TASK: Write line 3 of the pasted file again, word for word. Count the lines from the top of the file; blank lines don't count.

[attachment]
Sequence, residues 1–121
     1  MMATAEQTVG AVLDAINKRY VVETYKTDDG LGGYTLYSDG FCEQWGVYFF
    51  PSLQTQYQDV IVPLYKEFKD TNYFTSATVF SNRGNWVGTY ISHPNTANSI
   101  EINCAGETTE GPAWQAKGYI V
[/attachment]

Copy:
    51  PSLQTQYQDV IVPLYKEFKD TNYFTSATVF SNRGNWVGTY ISHPNTANSI